Raw sequences for MD2 and CB5 were generated using Illumina sequencing, following standard protocols, with the HiSeq 2000 platform (for 180-bp and 500-bp insert libraries) and the HiSeq 2500 platform (for 3-kb and 8-kb insert libraries). The four paired-end libraries with inserts of 180 bp, 500 bp, 3 kb and 8 kb were sequenced to produce 33×, 50×, 35× and 12× coverage, respectively.

Genome assembly.

Genome assembly overview. The pineapple reference genome assembly incorporated data from a mixture of sequencing technologies, including whole-genome shotgun sequencing with Illumina, 454, PacBio and Moleculo technologies, as well as BAC pools sequenced with Illumina sequencing. The assembly underwent three major rounds of improvement by applying the different technologies (Supplementary Fig. 10 and Supplementary Table 17). The original F153 pineapple assembly was based on ALLPATHS-LG using Illumina whole-genome sequencing and 454 sequencing data (v1 assembly), was subsequently improved by incorporating the assembled BAC contigs (v2 assembly) and was finally improved by incorporating the PacBio and Moleculo data (v3 assembly). See the Supplementary Note for a detailed description of the assembly methods. The k-mer coverage of the F153 fragment library is shown in Supplementary Figure 11.

Genetic maps and chromosomal assembly. Ninety-three F1 individuals from a CB5 × F153 cross were sequenced to an average depth of 10× by whole-genome sequencing. The raw reads were mapped onto the genome assembly using Bowtie2. Segregating polymorphic SNPs were called using the Genome Analysis Toolkit (GATK). Only SNPs that were homozygous for the reference genotype in one parent and heterozygous in the other parent were used. SNPs were assigned to either an F153 or CB5 map depending on which parental genotype was heterozygous. The SNPs segregating for each parent were further divided into two pools using genotyping calls for a single F1 individual that was sequenced to higher coverage (50×), to group the SNPs according to the phase of the SNP. Using the deep sequenced F1 individual allowed all of the SNPs that contained the non-reference SNP on the same chromosome to be grouped together.

Individual SNPs had a high rate of missing data, and many heterozygous SNPs also could be scored incorrectly because of limited depth of sequencing coverage; however, by looking at several adjacent SNPs, a consensus SNP genotype for each scaffold piece could be determined. Adjacent SNPs mapping to 100-kb bins on each scaffold were combined into a consensus genotype for each individual. Scaffold segments 100 kb long with ≥15 SNPs had consensus genotypes determined. These consensus genotypes were ordered into genetic maps. The F153 map consisted of 3,125 scaffold segments containing 928,659 segregating SNPs and was assembled into the 25 linkage groups corresponding to the haploid chromosome number of pineapple. A consensus order for the scaffolds in chromosomal pseudomolecules was determined, with breakpoints (represented as intervals) approximated using the information from individual SNPs. Chimeric scaffolds were split at the largest gap in the inferred breakpoints. When no gaps could be found within the inferred breakpoints, the closest gap was identified instead.

Genome annotation.

We used MAKER to generate a first-pass gene annotation. MAKER is a computational pipeline for genome annotation that can integrate multiple tiers of coding evidence, including ab initio gene predictions, transcript evidence and protein evidence9. Ab initio gene models were evaluated against matching transcript and protein evidence to select the model for each gene that was most consistent on the basis of an AED metric9.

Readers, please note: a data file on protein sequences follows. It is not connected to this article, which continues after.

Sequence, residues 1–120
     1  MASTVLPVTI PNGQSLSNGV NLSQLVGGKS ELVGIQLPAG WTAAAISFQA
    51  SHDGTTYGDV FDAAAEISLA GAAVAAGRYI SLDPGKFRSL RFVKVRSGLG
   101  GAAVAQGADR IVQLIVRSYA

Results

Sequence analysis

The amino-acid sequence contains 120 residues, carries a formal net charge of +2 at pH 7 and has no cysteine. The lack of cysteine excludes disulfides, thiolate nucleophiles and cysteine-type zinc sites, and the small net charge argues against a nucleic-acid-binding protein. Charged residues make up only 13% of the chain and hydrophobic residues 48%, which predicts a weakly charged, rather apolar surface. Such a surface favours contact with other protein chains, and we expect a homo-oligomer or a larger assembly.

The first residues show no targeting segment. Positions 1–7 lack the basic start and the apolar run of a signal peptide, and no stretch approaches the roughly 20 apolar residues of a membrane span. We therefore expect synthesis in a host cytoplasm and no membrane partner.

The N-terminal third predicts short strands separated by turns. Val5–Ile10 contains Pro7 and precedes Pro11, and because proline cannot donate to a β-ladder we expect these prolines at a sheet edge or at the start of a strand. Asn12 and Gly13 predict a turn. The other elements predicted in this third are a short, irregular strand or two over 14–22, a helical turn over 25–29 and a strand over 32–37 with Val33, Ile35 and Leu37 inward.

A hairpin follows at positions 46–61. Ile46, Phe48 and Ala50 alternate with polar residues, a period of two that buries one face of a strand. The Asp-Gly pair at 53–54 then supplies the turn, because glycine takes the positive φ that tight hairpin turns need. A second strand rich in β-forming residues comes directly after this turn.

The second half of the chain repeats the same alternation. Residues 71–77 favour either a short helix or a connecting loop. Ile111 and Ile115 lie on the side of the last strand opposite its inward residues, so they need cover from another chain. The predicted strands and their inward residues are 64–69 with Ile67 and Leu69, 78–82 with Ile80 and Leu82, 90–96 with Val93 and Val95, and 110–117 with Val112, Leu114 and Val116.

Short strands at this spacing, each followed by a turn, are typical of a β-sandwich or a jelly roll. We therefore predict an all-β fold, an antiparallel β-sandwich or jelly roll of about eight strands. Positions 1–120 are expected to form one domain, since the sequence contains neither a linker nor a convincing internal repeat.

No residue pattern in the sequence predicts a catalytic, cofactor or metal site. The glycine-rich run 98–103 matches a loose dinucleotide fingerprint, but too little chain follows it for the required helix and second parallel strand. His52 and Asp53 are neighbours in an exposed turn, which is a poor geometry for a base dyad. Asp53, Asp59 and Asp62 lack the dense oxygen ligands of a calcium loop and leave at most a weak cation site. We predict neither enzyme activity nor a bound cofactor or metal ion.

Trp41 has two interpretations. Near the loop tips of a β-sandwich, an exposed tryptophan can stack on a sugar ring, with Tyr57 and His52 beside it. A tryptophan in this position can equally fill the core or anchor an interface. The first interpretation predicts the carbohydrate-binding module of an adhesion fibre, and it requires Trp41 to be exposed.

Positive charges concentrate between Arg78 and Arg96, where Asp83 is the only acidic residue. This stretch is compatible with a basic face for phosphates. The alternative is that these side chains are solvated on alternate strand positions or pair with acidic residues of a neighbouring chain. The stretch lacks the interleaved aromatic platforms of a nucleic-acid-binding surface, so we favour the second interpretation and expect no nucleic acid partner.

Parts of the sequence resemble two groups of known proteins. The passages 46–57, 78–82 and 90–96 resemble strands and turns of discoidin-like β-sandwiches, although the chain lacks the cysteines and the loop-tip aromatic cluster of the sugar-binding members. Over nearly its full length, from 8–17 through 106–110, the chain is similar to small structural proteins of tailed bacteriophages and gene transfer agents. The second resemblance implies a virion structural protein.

Input data for MAKER were prepared as follows. First, ab initio gene predictors, including SNAP46, GENEMARK47 and AUGUSTUS48, were each trained with nearly 'full-length' pineapple transcripts. The pineapple transcripts were constructed using PASA49 and were evaluated against UniProt plant proteins to identify the set of nearly full-length candidates that covered at least 95% of any target protein. The pineapple transcripts were sampled from major tissues, including flower, fruit, leaf and root. Comprehensive transcriptome assembly was carried out using both de novo Trinity and reference-guided Trinity50, with the results combined and used together as mRNA evidence for MAKER. Plant proteins were downloaded from UniProt (last accessed on 21 September 2014) and used as plant-specific evidence for MAKER.

MAKER was run on the pineapple v3 scaffold assembly with the above evidence twice, once with and once without masking with a pineapple-specific repeat library, for the purpose of comparison. Putative proteins over 30 amino acids in length were kept. Additionally, we set up a JBrowse instance51 during structural annotation to visualize the gene models along with the aligned annotation evidence (see URLs).

For the final gene set, a MAKER run without repeat masking was selected, followed by extensive filtering of TE-related genes. The original MAKER run produced 31,893 genes, from which we removed 4,850 TE-related genes and 19 that were broken during linkage group construction. For the 27,024 remaining genes, we obtained 24,063 (89.0%) complete gene models, with 11% categorized as partial (Supplementary Table 5).

For functional annotation, we inferred the human readable protein description for each predicted pineapple protein using AHRD (see URLs), on the basis of names from three protein databases: SWISS-PROT, TrEMBL and TAIR10. The InterPro domains, Gene Ontology (GO) terms and KEGG pathway information associated with each protein were computed using InterProScan52.

Synteny analysis.